Tesla owner blows up his Model S with dynamite over $22,000 battery replacement

A Tesla Model S owner in Finland decided to blow up his electric car with dynamite after it needed a battery replacement, which Tesla said was going to cost $22,000.

There’s not a lot of information about how much an electric car, or especially Tesla vehicle, battery replacement costs.

It’s a hard question to answer since the vast majority of Tesla battery replacements have been done under warranty.

Early on, Tesla offered eight-year unlimited mileage powertrain warranties for Model S and Model X.

With Model S production starting in 2012 and higher volumes not coming until 2014, only recently have those vehicles started to come off their powertrain warranty. We have seen quotes from Tesla for battery pack replacements between $20,000 and $30,000. That’s a lot of money, but the good news is that Tesla’s battery packs have been known to last a long time.

I have a Tesla Model X that had a battery pack last for more than 300,000 miles.

However, even if the problem is not necessarily battery degradation, the battery packs simply fail sometimes, and it’s expensive to replace those early packs.

We recently reported on a case where a Model S owner was told by Tesla that he needed a $22,500 battery replacement.

That wasn’t really an option since it’s basically equivalent to the value of the vehicle.

Fortunately, the owner managed to find a third-party repair shop the fix the battery pack for a fraction of the cost – though the fix is somewhat controversial in the Tesla repair community.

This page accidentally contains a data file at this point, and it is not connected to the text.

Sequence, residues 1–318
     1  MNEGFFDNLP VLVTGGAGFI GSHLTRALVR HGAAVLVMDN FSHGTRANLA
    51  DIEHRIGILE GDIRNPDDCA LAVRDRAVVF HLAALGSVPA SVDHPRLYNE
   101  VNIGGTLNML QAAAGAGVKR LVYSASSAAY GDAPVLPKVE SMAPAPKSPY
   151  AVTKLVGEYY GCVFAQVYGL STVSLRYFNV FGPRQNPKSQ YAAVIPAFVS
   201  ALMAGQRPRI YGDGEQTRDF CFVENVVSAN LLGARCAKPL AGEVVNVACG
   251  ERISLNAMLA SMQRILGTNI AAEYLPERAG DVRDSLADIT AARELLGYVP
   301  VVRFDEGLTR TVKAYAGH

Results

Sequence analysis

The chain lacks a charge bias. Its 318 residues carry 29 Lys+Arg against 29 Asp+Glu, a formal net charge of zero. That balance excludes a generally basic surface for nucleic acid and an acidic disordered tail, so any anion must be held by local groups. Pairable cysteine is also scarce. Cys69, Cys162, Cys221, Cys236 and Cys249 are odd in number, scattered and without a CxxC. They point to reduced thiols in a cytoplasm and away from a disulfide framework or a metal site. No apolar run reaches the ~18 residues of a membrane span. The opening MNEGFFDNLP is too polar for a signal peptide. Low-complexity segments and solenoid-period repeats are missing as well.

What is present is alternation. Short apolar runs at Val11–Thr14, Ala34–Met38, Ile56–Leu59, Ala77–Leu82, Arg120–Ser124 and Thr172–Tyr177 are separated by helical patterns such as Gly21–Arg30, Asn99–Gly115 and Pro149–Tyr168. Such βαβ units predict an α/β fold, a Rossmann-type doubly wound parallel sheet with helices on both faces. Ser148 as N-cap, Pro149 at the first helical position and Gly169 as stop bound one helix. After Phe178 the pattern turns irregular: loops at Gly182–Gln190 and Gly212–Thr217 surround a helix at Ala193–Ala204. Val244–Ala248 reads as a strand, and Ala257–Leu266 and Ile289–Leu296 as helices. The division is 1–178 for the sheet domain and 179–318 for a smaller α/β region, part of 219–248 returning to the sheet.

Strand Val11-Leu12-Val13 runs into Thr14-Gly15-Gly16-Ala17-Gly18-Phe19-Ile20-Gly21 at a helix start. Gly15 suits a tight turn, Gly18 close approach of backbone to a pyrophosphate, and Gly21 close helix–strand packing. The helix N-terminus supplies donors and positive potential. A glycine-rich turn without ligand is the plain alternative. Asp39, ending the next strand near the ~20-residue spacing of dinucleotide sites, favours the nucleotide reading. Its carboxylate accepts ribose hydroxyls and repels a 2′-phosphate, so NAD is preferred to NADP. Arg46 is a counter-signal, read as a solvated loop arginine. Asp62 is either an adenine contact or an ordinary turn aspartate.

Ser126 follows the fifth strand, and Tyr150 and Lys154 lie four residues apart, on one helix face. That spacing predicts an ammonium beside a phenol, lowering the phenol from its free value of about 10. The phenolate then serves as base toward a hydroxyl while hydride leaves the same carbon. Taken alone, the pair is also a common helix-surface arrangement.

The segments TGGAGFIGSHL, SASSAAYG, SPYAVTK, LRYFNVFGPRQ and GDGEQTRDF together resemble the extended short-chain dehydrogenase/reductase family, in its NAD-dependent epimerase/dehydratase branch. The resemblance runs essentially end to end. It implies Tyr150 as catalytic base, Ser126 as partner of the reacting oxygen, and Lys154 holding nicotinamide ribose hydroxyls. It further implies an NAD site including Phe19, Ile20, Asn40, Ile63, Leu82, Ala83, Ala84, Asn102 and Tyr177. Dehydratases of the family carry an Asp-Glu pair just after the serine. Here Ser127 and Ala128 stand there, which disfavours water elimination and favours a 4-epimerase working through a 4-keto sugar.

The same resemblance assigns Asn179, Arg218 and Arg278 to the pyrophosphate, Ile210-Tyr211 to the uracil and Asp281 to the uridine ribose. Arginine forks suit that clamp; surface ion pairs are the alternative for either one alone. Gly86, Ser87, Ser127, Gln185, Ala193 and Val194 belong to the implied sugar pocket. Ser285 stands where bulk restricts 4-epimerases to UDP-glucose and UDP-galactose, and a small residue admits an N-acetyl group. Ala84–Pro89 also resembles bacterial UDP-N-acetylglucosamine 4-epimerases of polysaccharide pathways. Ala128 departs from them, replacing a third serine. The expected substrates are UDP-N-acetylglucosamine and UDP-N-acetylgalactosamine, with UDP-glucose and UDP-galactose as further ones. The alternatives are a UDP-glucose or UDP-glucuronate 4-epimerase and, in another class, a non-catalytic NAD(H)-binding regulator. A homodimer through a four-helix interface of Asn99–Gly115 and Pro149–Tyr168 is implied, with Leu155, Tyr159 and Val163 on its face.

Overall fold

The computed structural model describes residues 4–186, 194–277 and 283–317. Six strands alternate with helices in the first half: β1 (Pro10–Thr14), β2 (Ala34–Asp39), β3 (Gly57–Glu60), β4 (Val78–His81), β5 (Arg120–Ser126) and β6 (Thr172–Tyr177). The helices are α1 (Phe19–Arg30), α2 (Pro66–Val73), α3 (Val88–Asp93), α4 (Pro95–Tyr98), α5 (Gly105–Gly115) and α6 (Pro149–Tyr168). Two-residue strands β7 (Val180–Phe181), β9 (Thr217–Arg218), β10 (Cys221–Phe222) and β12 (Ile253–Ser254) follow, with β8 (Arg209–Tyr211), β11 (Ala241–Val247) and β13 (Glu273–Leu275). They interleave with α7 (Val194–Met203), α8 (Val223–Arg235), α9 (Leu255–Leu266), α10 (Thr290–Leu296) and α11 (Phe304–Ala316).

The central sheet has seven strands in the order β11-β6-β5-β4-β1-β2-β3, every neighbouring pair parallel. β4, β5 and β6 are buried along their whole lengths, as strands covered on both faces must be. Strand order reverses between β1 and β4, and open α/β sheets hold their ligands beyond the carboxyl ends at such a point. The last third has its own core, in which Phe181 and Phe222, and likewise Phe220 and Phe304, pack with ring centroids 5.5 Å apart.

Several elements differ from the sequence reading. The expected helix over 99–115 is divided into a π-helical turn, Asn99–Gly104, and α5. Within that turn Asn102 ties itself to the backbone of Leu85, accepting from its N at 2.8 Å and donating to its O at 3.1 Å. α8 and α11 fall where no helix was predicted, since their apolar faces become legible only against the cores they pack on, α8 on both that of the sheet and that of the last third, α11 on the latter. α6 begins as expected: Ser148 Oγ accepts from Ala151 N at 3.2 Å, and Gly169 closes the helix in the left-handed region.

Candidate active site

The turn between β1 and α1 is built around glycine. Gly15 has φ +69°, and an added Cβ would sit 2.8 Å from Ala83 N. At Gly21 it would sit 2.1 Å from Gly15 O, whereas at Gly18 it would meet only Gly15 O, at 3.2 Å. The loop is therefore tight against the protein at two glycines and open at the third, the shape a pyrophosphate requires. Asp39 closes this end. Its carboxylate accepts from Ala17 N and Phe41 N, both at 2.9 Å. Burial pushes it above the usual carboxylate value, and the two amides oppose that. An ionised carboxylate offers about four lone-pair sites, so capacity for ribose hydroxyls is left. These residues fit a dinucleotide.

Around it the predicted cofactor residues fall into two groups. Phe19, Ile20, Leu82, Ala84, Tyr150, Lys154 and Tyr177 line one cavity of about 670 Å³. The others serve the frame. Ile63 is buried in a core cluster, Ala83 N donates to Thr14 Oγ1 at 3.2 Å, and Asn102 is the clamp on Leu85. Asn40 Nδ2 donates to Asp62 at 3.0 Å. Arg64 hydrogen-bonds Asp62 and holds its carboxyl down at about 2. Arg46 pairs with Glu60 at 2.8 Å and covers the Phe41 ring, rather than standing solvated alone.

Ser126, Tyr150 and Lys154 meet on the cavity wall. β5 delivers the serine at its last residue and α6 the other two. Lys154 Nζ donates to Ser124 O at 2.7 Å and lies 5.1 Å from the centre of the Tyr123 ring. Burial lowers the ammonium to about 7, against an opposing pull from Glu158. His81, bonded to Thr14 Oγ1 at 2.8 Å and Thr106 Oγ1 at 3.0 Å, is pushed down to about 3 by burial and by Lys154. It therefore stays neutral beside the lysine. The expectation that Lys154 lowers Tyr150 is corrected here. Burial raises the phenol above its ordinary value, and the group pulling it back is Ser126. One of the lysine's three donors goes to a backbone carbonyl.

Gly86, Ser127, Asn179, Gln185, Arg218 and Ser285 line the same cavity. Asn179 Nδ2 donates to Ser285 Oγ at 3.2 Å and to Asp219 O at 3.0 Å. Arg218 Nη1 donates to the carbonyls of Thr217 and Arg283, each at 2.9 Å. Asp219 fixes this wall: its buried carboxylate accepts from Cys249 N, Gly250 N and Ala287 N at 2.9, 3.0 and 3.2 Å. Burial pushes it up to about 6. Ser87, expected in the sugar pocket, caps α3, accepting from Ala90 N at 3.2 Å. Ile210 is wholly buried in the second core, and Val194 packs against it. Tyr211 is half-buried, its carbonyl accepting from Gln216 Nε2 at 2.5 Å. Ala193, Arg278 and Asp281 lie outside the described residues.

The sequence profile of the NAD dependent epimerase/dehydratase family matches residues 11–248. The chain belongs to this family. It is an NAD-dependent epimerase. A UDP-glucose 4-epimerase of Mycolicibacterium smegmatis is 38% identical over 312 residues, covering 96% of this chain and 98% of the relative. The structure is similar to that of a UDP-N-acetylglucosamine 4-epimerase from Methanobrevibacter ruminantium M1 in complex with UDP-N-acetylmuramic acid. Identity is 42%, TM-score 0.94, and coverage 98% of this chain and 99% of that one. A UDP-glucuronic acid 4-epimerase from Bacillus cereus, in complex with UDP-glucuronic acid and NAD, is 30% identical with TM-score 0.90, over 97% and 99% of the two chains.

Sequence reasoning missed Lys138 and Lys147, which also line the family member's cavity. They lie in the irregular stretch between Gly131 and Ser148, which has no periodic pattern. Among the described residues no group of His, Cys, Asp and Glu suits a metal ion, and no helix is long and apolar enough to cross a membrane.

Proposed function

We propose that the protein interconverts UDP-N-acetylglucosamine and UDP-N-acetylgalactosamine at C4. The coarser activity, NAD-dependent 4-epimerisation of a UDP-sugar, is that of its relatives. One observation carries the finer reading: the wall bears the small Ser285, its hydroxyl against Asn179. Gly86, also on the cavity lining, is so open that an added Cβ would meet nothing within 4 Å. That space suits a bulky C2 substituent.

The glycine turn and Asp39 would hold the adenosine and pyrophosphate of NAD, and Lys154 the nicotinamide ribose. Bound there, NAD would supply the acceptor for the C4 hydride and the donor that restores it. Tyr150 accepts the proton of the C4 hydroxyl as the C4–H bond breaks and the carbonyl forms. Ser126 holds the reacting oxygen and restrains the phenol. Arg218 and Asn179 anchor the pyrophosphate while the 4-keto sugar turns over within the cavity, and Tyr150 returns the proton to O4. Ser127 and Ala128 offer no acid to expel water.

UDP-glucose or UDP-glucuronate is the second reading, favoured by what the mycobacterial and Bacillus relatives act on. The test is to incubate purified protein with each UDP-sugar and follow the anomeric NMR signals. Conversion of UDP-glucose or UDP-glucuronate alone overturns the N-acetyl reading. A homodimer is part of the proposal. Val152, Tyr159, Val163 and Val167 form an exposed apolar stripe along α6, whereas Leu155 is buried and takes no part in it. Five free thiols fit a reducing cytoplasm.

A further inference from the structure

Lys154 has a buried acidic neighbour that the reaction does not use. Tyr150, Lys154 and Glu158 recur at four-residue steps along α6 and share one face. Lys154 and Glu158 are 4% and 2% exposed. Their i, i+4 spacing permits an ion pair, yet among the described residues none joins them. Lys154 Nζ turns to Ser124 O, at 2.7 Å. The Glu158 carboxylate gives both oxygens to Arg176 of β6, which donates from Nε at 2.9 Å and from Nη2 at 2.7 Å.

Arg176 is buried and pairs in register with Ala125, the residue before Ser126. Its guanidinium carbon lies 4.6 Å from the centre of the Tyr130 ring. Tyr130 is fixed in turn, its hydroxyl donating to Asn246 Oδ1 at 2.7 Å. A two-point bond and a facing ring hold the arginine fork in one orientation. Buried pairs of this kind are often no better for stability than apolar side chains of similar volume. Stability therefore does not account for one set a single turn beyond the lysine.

Now we learn of a similar case in Finland where Tuomas Katainen, a 2013 Tesla Model S owner, had a battery pack that was out of warranty fail, and Tesla asked for the equivalent of $22,000 USD for a battery pack replacement.

Katainen didn’t like the value proposition considering used 2013 Model S vehicles go for about 35,000 euros in Finland and he didn’t have access to a third-party shop to fix the pack.

What options does one have at that point? Quite a few actually: You can try to find a used battery pack, you can sell the car as non-functional and still get decent money for it, or you can sell it for parts.

But Katainen decided to go a different way.

He reached out to YouTuber Pommijätkät, a channel known for blowing things up, to strap 30 kg of dynamite to the electric vehicle and blow it up:

That sounds like a reasonable solution to an expensive battery replacement.

To be fair, they did remove the non-functioning battery pack and other expensive parts, like the electric motor, before blowing up the car.

Electrek’s Take

Obviously, I don’t support this as a solution, but I definitely feel for early Model S owners in his situation.

One thing to keep in mind for EV naysayers that like to use this as “proof” that EVs don’t work, the high battery replacement cost is mainly for early vehicles that were produced in lower volumes.

It’s more expensive to have battery replacements for those vehicles.

Battery pack replacements for higher-volume vehicles like Model 3 and Model Y are expected to be much less expensive when they will be needed off warranty, and also battery technology is improving, which makes them last longer.

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